This book is in the nature of a Festschrift in honor of Dr. John H. Kromminga at the occasion of his retirement as President of Calvin Seminary. But it is not like the ordinary Festschrift. The information on the dust jacket offers a brief description of the book’s contents:
“. . . this volume of essays looks at the Christian Reformed Church in North America from various viewpoints. While most festschriften are of interest only to scholars in a particular discipline, the varied studies in this volume will appeal also to laypersons, especially those who are members of the Christian Reformed Church. Since the Christian Reformed Church has long exercised an influence within American evangelicalism disproportionate to its size, those outside the denomination will also be interested in the eighteen studies in this unique volume.
“Part One consists of six studies in the history of the Christian Reformed Church, each of which reflects painstaking research. The early years of the denomination are probed in a fascinating way, revealing the development of the church from a tiny Dutch immigrant church to a healthy American denomination struggling to keep its heritage. Subjects in this section include immigration, architecture of early church buildings, the ‘Masonic Controversy,’ and a revealing sketch of Hendrik P. Scholte, immigrant leader in Pella, Iowa.
“Part Two is largely theological in nature and includes articles on the lifetime tenure of ministers, missions, and theological doctrines such as the covenant, the kingdom of God, and the antithesis.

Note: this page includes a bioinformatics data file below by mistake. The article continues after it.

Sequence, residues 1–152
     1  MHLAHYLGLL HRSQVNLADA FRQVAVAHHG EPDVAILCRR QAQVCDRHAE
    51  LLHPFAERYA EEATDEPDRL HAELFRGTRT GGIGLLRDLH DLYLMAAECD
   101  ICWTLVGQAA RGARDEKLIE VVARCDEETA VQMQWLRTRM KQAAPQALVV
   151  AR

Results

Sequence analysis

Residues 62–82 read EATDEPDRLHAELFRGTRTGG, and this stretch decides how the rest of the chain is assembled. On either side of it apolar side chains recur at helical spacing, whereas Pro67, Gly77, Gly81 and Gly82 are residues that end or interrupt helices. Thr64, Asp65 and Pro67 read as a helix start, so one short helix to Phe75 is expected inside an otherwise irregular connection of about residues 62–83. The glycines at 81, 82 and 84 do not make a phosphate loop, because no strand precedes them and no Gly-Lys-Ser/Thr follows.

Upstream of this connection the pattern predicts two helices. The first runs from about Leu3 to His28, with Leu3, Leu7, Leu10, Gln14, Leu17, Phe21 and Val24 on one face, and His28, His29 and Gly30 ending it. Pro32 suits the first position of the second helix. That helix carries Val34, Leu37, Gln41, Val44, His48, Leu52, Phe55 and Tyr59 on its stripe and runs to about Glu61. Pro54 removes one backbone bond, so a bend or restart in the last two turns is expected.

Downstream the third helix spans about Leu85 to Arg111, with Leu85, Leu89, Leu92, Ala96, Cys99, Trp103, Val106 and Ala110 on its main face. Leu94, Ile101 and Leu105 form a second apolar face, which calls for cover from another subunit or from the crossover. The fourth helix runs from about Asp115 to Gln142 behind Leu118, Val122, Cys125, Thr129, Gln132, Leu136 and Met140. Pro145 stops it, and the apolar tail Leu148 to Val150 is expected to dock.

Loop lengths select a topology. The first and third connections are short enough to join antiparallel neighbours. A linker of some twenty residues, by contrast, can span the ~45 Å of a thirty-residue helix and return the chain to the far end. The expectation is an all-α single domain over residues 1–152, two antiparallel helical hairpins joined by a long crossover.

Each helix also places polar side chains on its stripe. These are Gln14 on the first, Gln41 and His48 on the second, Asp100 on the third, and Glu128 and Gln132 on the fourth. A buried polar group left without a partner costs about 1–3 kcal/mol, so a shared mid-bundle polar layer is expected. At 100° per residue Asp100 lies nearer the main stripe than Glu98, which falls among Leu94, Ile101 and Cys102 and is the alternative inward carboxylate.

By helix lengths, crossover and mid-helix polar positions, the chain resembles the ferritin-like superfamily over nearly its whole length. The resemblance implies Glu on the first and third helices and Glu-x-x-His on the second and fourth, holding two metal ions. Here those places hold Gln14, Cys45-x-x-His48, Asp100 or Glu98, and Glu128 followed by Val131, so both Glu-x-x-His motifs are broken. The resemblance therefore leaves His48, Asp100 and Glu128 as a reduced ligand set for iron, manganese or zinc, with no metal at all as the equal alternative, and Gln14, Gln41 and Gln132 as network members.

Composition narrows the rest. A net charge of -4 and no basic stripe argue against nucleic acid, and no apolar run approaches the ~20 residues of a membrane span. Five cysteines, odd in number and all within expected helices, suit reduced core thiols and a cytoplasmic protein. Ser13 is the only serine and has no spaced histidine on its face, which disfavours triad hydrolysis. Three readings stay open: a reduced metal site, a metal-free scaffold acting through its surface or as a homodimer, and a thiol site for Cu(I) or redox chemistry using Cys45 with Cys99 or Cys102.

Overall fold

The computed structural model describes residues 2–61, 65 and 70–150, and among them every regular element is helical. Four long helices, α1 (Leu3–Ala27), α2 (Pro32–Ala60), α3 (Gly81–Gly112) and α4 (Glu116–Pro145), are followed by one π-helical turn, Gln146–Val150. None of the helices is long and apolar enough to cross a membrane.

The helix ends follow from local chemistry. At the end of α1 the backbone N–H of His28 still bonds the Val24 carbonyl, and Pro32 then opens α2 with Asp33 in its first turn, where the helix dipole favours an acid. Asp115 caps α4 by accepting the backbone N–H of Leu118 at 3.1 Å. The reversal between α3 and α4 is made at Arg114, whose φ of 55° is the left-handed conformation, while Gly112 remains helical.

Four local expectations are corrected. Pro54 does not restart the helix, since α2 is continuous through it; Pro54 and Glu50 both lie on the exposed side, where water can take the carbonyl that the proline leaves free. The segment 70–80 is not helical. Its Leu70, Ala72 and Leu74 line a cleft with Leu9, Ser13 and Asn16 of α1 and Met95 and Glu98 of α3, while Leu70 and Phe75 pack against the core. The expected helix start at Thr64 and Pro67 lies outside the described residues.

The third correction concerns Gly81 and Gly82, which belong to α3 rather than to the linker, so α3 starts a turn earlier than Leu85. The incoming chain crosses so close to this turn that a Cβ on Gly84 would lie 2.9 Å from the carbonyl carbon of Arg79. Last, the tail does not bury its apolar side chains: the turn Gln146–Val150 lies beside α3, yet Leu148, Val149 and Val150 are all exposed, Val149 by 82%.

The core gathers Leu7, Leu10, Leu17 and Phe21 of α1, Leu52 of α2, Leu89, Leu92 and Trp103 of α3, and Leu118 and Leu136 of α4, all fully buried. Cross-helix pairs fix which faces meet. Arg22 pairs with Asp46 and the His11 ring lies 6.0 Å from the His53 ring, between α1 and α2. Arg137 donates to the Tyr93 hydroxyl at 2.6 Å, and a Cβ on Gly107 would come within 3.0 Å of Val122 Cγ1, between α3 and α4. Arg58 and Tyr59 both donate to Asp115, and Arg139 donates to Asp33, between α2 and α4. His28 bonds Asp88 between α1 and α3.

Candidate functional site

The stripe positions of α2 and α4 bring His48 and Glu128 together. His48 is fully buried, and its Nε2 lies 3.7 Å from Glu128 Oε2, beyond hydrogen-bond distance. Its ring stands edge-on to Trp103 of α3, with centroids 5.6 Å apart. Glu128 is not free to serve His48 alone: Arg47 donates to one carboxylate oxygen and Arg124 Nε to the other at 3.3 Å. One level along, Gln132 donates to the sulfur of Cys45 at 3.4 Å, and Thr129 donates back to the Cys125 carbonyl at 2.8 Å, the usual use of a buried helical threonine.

“Part Three describes how the Christian Reformed Church faced the challenges of ecumenical involvement. It portrays a church striving to retain its heritage and theological distinctiveness as it becomes involved with other churches and ecumenical organizations.”
The eighteen chapters of this volume are by as many different authors, not all of them Christian Reformed. It struck me that, as far as I could tell, there is no representative of the Canadian wing of the CRC among the writers. There are writers from the RCA, from the GKN, and from the CRC of the Netherlands.
Naturally, a book of this kind varies greatly, from author to author, as far as interest and quality are concerned.
Personally, I found the historical section to be the most interesting. The theological section, in my opinion, falls rather flat. I do not believe that Anthony Hoekema’s chapter on the doctrine of the covenant, for example, is accurate; I have reference especially to his description of W. Heyn’s covenant view. Nor do I find that Henry Stob’s presentation does justice to the concept of the antithesis, much less to the view of Herman Hoeksema. The section on ecumenical involvement is, if nothing else, informative.